A recent study has shown that a certain compound that is derived from cinnamon helps in inhibiting colorectal or bowel cancer. The study found that this compound, cinnamaldehyde, when added to food can protect mice against colorectal cancer.
The cells of the animals had acquired the ability to keep themselves guarded against exposure to carcinogen by way of detoxification and repair.
Donna Zhang at University of Arizona College of Pharmacy and Cancer Center, said that the finding is significant in its own right. She said that because colorectal cancer is aggressive and has been associated with poor prognosis, there has been an urgent need for development of other, more effective strategies against the disease.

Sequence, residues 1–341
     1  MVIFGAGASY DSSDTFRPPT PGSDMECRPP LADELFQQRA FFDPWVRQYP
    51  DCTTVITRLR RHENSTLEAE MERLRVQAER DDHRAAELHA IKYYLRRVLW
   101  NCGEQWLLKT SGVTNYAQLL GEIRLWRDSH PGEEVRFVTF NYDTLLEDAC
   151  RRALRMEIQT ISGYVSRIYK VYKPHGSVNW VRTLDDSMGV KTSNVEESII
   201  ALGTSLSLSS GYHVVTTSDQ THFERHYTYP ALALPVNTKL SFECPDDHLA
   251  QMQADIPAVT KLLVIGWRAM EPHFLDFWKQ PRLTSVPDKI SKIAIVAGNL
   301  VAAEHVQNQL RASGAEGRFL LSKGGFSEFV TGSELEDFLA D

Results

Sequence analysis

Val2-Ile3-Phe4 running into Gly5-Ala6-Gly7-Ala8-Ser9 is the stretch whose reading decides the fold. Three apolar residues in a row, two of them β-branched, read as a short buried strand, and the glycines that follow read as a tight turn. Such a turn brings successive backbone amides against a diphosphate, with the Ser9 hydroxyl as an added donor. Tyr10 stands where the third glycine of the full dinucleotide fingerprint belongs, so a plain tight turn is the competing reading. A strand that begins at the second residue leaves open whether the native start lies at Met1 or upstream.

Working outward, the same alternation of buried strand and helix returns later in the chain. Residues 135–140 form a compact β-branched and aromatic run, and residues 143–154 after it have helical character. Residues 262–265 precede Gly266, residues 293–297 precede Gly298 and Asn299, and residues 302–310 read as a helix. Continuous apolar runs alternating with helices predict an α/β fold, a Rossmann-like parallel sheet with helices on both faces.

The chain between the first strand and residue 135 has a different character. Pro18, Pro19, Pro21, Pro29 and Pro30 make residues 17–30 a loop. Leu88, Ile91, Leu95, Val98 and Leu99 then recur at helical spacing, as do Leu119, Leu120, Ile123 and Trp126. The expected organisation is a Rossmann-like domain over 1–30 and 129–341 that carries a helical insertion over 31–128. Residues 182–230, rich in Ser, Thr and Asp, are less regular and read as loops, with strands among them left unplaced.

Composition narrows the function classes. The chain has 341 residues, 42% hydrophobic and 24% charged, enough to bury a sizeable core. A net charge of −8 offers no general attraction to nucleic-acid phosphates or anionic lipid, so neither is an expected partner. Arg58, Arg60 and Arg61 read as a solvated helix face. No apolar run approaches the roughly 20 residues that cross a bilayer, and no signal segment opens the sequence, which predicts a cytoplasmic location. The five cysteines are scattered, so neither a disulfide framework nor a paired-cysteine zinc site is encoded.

Considering that cinnamon is a commonly used food additive that is considered safe for consumption, a similar study in humans may not be too far.
The study has been published in the journal Cancer Prevention Research. The next step in the research is to test whether this spice prevents cancer using the same cancer model or not.
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